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Whole Lotta Led Zeppelin

First impression: The book is beautiful, beginning with the cover. The layout and art direction are superb. The focus changes frequently, which keeps it interesting.

The book is generally organized in chronological order, except when it makes more sense not to.

There are images of Led Zeppelin from all phases of the band's history, including several items from Jimmy's days with the Yardbirds.

The book includes concert photos, promo photos, photos of Les Pauls and the doubleneck, photos of memorabilia, including concert tickets, posters, and various LP and CD releases from around the world.

Comments about Zep from band members, and from many other musicians are sprinkled throughout the book. The range of people who are admirers of LZ is truly amazing; from Steve Earle to Ray Davies to so many other artists.

The author includes interesting commentary about various aspects of Zep's career. He recounts concerts he attended.

Each album is looked at again, by other contributors. I haven't read all the re-reviews, but the review for Led Zeppelin was great. It really captures how it seemed when it was released, and also covers its long-lasting impact.

There are complete lists of each tour. I did not check each dates against the other sources that are available, but I wouldn't be surprised if someone at FBO eventually does. The dates I did notice, particularly for the better-known shows, were accurate.

Whenever photos or posters are pictured, the complete image is almost always used, as opposed to the collage-style, which often blocks out something you would like to see. Photos include information on the exact date the photo was taken.

Many of the photos are familiar, and much of the memorabilia and posters are well-known, too, but there are also many items pictured that I had not seen before.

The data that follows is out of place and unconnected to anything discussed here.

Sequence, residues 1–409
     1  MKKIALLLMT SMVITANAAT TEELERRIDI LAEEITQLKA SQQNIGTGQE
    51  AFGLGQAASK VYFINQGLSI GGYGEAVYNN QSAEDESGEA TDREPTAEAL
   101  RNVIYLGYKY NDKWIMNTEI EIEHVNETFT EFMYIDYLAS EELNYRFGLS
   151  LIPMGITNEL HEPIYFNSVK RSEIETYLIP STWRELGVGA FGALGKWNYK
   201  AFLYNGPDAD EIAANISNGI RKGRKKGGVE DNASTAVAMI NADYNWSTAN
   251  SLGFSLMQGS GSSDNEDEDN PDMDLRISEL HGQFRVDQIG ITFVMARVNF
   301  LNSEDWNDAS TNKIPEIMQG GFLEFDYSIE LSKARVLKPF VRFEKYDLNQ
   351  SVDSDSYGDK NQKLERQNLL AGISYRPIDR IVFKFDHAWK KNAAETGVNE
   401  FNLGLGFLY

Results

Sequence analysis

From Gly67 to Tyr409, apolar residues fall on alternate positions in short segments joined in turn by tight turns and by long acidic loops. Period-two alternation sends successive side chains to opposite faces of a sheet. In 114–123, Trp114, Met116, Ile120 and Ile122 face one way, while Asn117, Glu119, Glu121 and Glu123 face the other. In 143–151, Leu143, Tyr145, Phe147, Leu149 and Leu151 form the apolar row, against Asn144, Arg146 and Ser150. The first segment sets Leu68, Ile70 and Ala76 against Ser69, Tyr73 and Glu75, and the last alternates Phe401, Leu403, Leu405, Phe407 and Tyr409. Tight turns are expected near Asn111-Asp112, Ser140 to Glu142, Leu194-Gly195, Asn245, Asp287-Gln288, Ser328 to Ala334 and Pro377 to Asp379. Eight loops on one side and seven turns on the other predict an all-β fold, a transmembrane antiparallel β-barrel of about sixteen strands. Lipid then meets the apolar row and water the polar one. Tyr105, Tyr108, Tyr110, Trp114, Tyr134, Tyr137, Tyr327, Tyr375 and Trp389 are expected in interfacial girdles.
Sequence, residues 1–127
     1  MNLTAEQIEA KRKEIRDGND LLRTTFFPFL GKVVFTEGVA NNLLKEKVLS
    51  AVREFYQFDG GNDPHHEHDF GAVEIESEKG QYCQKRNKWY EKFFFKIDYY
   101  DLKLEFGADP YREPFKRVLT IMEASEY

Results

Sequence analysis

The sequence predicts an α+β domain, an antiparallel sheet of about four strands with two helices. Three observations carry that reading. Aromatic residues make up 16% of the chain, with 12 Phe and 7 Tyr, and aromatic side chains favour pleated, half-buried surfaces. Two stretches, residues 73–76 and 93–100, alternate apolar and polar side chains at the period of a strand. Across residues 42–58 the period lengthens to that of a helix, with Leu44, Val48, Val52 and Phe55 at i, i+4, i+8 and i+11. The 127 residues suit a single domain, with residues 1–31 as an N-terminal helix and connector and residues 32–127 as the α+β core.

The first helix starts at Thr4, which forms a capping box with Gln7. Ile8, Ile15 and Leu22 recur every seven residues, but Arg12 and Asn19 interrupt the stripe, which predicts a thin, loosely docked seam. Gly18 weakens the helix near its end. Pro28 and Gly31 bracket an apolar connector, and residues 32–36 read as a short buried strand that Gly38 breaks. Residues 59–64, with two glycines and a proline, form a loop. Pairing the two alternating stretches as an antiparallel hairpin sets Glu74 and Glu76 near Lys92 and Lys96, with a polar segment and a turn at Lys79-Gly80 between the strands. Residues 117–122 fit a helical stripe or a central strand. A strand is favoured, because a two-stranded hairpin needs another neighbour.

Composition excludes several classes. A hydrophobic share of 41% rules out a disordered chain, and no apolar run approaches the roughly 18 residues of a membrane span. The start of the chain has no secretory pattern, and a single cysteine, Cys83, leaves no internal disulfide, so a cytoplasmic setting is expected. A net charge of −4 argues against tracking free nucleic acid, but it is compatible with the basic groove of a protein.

Even if you have some of this information somewhere else, it is great to have it all in one place.

When I first heard about this book, my initial thought was, do I really need another Zep book? I really like the Shadwick and Cross-Flannagan books, so why this?

Now that I have spent some time with Whole Lotta Led Zeppelin, I would like to commend the author for his work. It is a very well-done book, and all but the most casual Zep fan (is there such a thing?) would probably love it.

Thanks to pfiskio

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This Month in
Led Zeppelin History

July xx, 1969 - The band play many festivals now on their third American tour
July xx, 1970 - Additional recording for Led Zeppelin III at London’s Island Studios
July 16, 1970 - Photographer Chris Welch films Led Zeppelin on his 8mm camera, some clips later used in the Whole Lotta Love promo video
July xx, 1971 - Untitled gets re-mixed in London
July 05, 1971 - A riot erupts mid-concert, forcing Led Zeppelin to stop after about 40 minutes
July xx, 1972 - After repeated bad press, Led Zeppelin hire their first publicity firm
July 20, 1973 - A last minute decision is made to film the remaining part of the tour
July xx, 1973 - Led Zeppelin is filmed over the three nights for their film that will emerge as The Song Remains The Same
July xx, 1974 - After viewing their 1973 filmed performance, it is apparent critical errors were made
July xx, 1974 - Mixing for Physical Graffiti at Olympic Studios
July 05, 1975 - The band meet in Montreux to discuss adding South America and Japan to the end of their North American tour
July xx, 1976 - Bonham and Page fly to Montreux, Switzerland to check out some new sound and drum effects
July 17, 1977 - The last ever performance of Moby Dick played at the Seattle Kingdome
July 24, 1977 - The band plays its last US date at the Oakland Coliseum
July xx, 1978 - Led Zeppelin are invited to perform at Maggie Bell’s Festival Hall show
July xx, 1979 - Led Zeppelin film their rehearsal at Bray Studios
July 04, 1979 - Led Zeppelin confirm a second date at Knebworth in August 1979
July 05, 1980 - Simon Kirke joins in on drums for an encore in Munich
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